Horus Music accept musicians that provide music in a standard that would be deemed acceptable by the stores then distributes it to over 600 download, streaming, mobile and radio platforms in 170+ countries.

 See for yourself.



Record Company Structure & Interesting Labels

Once you’ve settled on a record company to research you might want to take a look at how that business is structured and how it has changed over time. Here’s a short chapter about how some record companies are organised:

Record Company Structure

and this on Music and New Technologies

Here’s a link to a BBC site about indie record labels vs the majors:

A couple of my fave labels:



And the amazing Luaka Bop label started by David Byrne. Find out about their history here.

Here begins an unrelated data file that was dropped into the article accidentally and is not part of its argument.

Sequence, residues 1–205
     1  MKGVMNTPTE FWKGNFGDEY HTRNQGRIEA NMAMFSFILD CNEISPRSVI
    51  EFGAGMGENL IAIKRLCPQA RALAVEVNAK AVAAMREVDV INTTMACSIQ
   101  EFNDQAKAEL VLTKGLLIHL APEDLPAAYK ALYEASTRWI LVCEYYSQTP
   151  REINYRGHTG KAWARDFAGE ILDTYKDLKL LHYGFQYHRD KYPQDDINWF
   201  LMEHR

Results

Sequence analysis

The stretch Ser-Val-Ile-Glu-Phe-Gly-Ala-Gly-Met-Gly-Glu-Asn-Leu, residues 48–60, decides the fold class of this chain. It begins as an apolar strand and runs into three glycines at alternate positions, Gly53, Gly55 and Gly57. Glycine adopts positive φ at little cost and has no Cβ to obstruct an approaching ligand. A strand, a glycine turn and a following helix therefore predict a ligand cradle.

How Music Works by David Byrne

How Music Works is a book by David Byrne about the music industry and in part about his experiences. It’ll be an amazing text book for this unit and I cannot encourage you more to purchase it. You can buy it at all good book shops and it’s also available as an interactive ebook.

Here is a chapter to get you started:

David Byrne – How Music Works


I’ll be updating this blog with a lot more about David Byrne as he’s had loads of articles published about the music industry so he’s able to supply us with a lot of information about the inside of the industry.

Check out his website and award winning journal (blog) here: 



What a Case Study Looks Like

You might be thinking, what does a music Case Study for Section B: Institutions and Audiences even look like? Here are some things which your case study should cover: